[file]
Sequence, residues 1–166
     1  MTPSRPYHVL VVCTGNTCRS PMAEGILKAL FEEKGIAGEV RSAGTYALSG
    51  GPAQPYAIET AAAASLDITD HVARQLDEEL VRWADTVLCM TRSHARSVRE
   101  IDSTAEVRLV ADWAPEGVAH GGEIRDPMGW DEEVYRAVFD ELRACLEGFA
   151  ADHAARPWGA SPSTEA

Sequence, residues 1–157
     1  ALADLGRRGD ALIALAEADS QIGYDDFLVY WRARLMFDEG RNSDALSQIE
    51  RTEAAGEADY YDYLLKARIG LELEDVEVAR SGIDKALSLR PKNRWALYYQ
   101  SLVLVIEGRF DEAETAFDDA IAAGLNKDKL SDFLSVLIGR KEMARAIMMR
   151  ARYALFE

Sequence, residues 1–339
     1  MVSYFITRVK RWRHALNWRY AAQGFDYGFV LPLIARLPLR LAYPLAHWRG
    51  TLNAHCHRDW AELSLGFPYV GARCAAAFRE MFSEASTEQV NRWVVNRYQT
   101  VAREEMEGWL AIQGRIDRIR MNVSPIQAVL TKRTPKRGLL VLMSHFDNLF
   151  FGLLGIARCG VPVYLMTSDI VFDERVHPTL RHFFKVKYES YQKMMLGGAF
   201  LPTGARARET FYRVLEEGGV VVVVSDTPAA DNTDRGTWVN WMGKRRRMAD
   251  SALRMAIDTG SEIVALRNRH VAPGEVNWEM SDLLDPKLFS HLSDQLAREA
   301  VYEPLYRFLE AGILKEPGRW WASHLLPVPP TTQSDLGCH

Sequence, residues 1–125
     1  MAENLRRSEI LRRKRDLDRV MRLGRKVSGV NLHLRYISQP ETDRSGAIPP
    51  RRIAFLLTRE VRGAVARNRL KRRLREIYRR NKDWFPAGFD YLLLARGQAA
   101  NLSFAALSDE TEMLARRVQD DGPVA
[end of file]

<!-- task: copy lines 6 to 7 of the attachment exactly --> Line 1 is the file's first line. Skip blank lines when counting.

Sequence, residues 1–157
     1  ALADLGRRGD ALIALAEADS QIGYDDFLVY WRARLMFDEG RNSDALSQIE